Utah State University undergraduate researcher Zachary Zito spent much of his summer in lively discussion with two faculty mentors, as each of the trio scribbled, erased and revised lengthy mathematical equations on a large whiteboard. What were they searching for? A hint: The incessant ticking of the clock on the conference room wall was no help.
Zito, selected as one of USU’s 10 participants in the 2022 Peak Summer Undergraduate Research Fellowship program, is striving to describe time. With guidance from mentors Charlie Torre, professor in USU’s Department of Physics, and philosophy postdoctoral fellow Brittany Gentry of USU’s Department of Communication Studies and Philosophy, the Honors student slogged through reams of academic literature, gleaned relevant insights, pondered heady questions and met regularly with his mentors to parse out some kind of meaning from his formidable pursuit.
“My conception of what we’d do with this project has changed considerably,” says Zito, a West Valley City, Utah native, who is starting his second year at USU with dual physics and philosophy majors. “We’re looking at the role time plays in current physics and philosophy theories, and we’ve honed in further on problems of time in quantum mechanics.”
He says physics and philosophy are not, as some might surmise, poles apart.
“Time is a concept thinkers — physicists, philosophers and scholars of other disciplines — have tried to nail down for centuries,” says the Undergraduate Research Fellow. “We’ve jumped into a really deep pool, but we’re finding interesting spaces.”
Combining physics and philosophy isn’t new, or unusual, to mentors Torre and Gentry. Torre also majored in the two disciplines as an undergraduate. Gentry specializes in philosophy of science, epistemology — the theory of knowledge — and metaphysics.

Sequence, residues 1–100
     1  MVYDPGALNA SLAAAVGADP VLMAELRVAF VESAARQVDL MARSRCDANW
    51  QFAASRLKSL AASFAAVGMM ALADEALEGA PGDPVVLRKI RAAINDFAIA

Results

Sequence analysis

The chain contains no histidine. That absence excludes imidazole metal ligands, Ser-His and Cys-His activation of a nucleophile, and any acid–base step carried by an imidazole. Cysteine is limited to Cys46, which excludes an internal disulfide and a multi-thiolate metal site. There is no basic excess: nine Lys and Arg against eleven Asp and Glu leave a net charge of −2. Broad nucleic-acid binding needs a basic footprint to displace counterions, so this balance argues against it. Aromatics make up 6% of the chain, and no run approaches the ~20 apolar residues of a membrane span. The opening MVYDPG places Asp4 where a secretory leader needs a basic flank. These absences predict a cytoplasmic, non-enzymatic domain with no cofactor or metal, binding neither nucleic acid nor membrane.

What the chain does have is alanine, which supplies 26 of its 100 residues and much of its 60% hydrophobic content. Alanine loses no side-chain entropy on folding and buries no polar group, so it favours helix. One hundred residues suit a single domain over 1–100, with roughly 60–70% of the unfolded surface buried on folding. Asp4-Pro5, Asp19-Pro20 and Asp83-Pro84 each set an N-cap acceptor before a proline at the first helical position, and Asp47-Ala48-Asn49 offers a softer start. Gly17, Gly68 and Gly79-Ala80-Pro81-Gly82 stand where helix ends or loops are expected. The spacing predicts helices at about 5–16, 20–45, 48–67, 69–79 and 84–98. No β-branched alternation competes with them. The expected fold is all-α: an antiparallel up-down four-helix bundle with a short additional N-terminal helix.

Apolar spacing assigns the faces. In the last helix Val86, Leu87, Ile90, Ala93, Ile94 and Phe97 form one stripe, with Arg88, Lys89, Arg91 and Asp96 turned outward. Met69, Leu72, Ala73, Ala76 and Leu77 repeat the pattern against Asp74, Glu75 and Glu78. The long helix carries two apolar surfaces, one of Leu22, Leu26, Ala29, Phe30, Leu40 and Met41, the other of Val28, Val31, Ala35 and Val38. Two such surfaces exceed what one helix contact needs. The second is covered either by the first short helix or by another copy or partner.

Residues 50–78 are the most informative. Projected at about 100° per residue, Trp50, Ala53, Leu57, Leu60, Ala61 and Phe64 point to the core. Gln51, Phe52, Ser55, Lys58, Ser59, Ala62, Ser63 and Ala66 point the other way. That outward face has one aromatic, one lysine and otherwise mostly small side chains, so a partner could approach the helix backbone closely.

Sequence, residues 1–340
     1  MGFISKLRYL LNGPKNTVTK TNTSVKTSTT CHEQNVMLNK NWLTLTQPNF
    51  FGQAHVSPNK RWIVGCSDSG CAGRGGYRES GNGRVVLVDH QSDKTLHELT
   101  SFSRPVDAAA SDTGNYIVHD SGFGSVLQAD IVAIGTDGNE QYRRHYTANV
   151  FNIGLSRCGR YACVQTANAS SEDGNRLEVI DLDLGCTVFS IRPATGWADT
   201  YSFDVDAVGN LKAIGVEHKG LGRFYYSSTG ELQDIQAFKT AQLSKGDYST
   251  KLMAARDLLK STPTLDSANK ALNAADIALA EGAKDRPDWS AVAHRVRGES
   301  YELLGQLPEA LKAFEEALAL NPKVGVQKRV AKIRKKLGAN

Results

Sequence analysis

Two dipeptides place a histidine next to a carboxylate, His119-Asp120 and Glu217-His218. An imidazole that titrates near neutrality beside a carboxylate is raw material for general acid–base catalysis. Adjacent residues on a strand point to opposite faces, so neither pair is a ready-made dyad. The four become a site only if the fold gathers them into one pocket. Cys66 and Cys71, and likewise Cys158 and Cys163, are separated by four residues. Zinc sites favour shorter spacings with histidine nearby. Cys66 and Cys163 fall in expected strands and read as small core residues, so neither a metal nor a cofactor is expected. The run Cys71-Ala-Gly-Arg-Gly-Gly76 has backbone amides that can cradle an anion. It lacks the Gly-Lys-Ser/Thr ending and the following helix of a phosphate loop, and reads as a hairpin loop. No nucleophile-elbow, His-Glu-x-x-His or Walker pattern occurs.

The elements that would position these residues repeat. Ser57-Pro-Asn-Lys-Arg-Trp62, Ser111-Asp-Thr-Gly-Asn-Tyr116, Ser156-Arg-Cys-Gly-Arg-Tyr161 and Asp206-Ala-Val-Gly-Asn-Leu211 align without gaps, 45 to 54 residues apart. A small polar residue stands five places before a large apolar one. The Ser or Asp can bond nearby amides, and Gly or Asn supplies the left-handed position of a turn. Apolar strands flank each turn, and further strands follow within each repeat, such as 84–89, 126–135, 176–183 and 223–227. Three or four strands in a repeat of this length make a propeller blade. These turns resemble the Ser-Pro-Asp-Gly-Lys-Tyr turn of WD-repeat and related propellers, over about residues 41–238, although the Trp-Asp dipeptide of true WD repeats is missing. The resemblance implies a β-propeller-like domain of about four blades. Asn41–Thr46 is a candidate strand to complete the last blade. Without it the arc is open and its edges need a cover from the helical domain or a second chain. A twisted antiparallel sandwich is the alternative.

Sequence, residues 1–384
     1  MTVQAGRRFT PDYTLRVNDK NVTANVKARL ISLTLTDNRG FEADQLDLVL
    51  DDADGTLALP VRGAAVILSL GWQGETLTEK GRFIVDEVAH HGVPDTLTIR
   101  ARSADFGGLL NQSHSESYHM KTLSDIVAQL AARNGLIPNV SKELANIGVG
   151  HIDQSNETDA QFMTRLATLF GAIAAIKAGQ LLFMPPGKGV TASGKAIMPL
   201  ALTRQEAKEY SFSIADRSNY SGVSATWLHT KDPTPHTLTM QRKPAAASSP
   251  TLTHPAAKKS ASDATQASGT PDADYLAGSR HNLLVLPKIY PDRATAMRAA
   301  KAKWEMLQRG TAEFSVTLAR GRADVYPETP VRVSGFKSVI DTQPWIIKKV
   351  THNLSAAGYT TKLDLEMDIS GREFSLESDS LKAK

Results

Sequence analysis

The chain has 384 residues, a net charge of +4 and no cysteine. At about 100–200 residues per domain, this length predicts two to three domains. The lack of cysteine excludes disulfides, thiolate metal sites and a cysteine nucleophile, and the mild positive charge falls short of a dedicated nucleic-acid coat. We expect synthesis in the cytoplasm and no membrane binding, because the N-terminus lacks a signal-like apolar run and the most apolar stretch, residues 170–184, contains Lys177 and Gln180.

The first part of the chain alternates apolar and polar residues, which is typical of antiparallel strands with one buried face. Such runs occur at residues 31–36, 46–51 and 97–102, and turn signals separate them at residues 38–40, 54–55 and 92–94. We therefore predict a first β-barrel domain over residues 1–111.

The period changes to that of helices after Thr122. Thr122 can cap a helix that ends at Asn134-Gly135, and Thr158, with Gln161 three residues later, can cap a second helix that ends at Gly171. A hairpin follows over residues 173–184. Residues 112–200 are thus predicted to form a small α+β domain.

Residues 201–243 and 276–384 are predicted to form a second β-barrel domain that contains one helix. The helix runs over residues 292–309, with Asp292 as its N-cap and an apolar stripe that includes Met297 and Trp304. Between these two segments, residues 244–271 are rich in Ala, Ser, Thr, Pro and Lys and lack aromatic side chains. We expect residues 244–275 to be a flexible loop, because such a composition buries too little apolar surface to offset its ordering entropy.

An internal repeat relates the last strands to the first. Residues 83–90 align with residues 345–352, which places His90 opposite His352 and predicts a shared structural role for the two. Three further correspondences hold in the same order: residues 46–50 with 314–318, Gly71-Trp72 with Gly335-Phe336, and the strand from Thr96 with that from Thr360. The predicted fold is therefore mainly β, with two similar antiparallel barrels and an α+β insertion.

“I was excited to jump in when Zachary suggested this topic,” Torre says. “It’s not a subject I’d pursue with just any undergraduate, but I could see Zachary was up to the task.”
Zito says the confidence Torre and Gentry have shown in him has inspired him to soldier on.
“Time is a complex issue in a complex universe,” he says. “To explore it, we had to start with a simple model of the universe.”
He explains it was also necessary to “re-understand” mathematics, without reference to time.
“Looking at our model, we asked, ‘How would we derive, rather than assume, time? Where and when (in our model of the universe) would you introduce time?” Zito says. “Mathematics has been our most helpful tool. With math, you can ground the metaphysical statements step by step.”
A challenge, he says, is learning the math needed to tackle the project. Prior to this summer, the undergrad, who graduated from Cyprus High School in 2019, had not yet completed classes in the higher mathematics demanded by his research.
“I leapfrogged a lot of coursework to get started on this project, which meant spending time this summer teaching myself new concepts, but it’s been valuable preparation,” Zito says. “I’ll go into my differential equations, metaphysics and quantum mechanics classes this fall with a whole new attitude. I won’t just be earning grades; I’ll be further building the foundation I need to tackle hard things.”
Zito says meeting regularly over the summer with other Peak Fellows, as well as Caine Summer Art Fellows, has calmed his anxieties about doing research.
“We’ve talked about our projects and how it feels when you’re new at things and feel like you’re floundering,” he says. “We’re learning that research means becoming comfortable with uncertainty.”
Zito says he’s looking forward to the opportunity to meet with Drs. David and Terry Peak, who established the Peak Fellowship, and to presenting his project at USU’s Fall Student Research Symposium on Dec. 8, 2022.
“I’ve learned more than I thought I would through this summer project,” he says. “It’s altered the way I see the world.”
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